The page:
The settlement at Plymouth, Massachusetts, founded nearly four centuries ago, arose from the desire of its inhabitants to be left alone to worship God in peace.

England of their day was not a bastion of liberty, where religious minorities faced fines and imprisonment for failing to pray in the manner prescribed by government authorities.

The experiences of religious dissenters who suffered at the hands of government was not lost on America’s founding fathers, who, in codifying natural human rights into the constitution of a new nation embarking on a remarkable experiment in liberty, saw fit to first declare that, “Congress shall make no law respecting an establishment of religion, or prohibiting the free exercise thereof.”

This fundamental right was of prime concern to Thomas Jefferson as he set about drafting Virginia’s landmark statute for religious freedom. Jefferson wrote in Virginia’s statute:

“That to suffer the civil magistrate to intrude his powers into the field of opinion and to restrain the profession or propagation of principles on supposition of their ill tendency is a dangerous fallacy which at once destroys all religious liberty because he being of course judge of that tendency will make his opinions the rule of judgment and approve or condemn the sentiments of others only as they shall square with or differ from his own.”

Ironically, Jefferson set his pen to parchment in the city of Fredericksburg, just a short distance from the Spotsylvania meeting where bigots lashed out in opposition to the Jeffersonian principles laid down nearby three centuries ago.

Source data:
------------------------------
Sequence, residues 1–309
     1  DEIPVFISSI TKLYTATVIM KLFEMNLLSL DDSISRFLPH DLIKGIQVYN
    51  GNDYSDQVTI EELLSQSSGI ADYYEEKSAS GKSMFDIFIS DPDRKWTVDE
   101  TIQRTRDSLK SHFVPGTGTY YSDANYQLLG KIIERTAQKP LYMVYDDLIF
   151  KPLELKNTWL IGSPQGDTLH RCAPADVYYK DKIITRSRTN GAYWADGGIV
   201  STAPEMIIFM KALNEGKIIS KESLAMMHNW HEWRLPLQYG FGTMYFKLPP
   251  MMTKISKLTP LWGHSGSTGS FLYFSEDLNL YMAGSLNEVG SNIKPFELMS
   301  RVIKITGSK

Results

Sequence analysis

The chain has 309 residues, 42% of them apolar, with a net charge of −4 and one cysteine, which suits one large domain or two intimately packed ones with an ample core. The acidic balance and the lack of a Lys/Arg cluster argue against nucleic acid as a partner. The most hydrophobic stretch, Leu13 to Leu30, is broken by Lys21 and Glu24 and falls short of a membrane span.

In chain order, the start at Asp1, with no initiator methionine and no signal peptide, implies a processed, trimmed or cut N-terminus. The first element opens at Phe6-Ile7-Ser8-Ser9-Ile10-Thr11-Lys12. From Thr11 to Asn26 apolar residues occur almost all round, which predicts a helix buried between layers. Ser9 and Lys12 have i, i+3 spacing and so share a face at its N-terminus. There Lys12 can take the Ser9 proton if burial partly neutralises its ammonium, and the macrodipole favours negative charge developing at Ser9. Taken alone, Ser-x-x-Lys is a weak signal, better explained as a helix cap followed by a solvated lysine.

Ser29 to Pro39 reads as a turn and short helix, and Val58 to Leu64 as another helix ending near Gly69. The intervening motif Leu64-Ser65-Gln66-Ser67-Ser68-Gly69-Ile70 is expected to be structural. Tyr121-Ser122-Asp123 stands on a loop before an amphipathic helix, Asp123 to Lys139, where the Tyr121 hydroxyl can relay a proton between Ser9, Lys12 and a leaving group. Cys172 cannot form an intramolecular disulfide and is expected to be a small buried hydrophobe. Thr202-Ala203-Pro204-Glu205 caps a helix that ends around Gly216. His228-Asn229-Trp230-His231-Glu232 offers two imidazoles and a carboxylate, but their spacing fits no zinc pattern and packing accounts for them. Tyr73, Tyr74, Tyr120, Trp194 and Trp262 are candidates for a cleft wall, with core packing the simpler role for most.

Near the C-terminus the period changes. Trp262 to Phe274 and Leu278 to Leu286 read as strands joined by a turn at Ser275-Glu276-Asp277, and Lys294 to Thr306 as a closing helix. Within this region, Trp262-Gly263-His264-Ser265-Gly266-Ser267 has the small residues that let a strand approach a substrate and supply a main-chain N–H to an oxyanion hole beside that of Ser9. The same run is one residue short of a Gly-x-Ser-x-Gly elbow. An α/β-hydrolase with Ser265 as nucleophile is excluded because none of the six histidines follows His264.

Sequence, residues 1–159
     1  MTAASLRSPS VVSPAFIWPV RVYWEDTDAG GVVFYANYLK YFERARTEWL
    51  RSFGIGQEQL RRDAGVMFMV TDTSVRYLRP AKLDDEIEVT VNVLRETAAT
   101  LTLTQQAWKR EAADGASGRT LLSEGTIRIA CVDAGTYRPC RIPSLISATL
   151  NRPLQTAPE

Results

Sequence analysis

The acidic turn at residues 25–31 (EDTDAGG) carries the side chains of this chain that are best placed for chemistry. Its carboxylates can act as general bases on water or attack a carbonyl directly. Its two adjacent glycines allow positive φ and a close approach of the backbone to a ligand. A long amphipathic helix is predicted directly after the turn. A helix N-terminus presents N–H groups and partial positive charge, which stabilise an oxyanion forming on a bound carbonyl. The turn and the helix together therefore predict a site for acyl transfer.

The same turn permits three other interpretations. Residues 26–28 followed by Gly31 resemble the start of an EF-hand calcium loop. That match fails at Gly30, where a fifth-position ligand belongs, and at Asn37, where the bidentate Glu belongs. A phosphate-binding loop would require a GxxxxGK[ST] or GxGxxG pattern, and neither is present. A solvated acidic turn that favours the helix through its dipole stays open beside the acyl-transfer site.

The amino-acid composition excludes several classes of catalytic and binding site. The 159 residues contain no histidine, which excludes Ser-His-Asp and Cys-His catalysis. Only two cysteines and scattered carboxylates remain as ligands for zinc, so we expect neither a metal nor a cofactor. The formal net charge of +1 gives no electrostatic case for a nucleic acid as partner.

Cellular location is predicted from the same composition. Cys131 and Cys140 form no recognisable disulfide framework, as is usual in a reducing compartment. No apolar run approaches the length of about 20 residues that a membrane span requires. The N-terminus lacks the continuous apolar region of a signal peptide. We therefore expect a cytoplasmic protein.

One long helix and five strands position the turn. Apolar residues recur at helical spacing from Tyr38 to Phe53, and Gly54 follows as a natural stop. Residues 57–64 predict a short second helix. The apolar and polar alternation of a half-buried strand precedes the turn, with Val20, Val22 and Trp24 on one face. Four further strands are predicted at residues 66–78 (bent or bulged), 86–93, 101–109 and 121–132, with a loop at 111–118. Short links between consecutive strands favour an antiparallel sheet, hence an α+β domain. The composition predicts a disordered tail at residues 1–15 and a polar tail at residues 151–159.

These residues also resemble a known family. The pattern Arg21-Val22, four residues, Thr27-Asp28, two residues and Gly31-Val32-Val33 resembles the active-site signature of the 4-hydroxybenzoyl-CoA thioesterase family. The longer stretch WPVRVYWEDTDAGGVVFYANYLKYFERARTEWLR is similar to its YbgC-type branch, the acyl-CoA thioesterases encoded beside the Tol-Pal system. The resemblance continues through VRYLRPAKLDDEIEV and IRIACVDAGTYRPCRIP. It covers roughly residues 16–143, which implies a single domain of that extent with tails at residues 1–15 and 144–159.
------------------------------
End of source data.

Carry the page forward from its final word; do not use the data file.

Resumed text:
Contemporary proponents of religious liberty faced local government overreach in Fairfax County last year when the county’s Board of Supervisors controversially proposed an ordinance which would have shut down some home-based bible studies [5], among other constitutionally-protected forms of assembly, in an overbearing manner which grossly exceeded an existing remedy: the fair and neutral enforcement of traffic laws already on the books.

Likewise, in Spotsylvania, government action must remain impartially limited to matters of land use, traffic, and planning – without religious tests. The planned expansion must be judged by an equal or more permissive standard than that applied to any shopping center or housing development.

As Jefferson so eloquently stated, the intrusion into the religious liberty of one threatens the religious liberty of all.

For that reason, conservatives must stand opposed to the attacks made against Samer Shalaby and his fellow worshipers, who seek only to exercise their religious liberties on their own property.

This issue is fundamentally one of property and faith; not one of their property and their faith, specifically.

Republican leaders must uphold core Republican values of property rights and religious liberty by joining Delegate David Ramadan and Spotsylvania Supervisor Chris Yakabouski in forcefully condemning the bigoted remarks directed against the constitutional rights of fellow Americans.

As silence is consent, Republican leaders must not remain silent in upholding their core values based upon longstanding traditions of freedom first laid down by our founding fathers.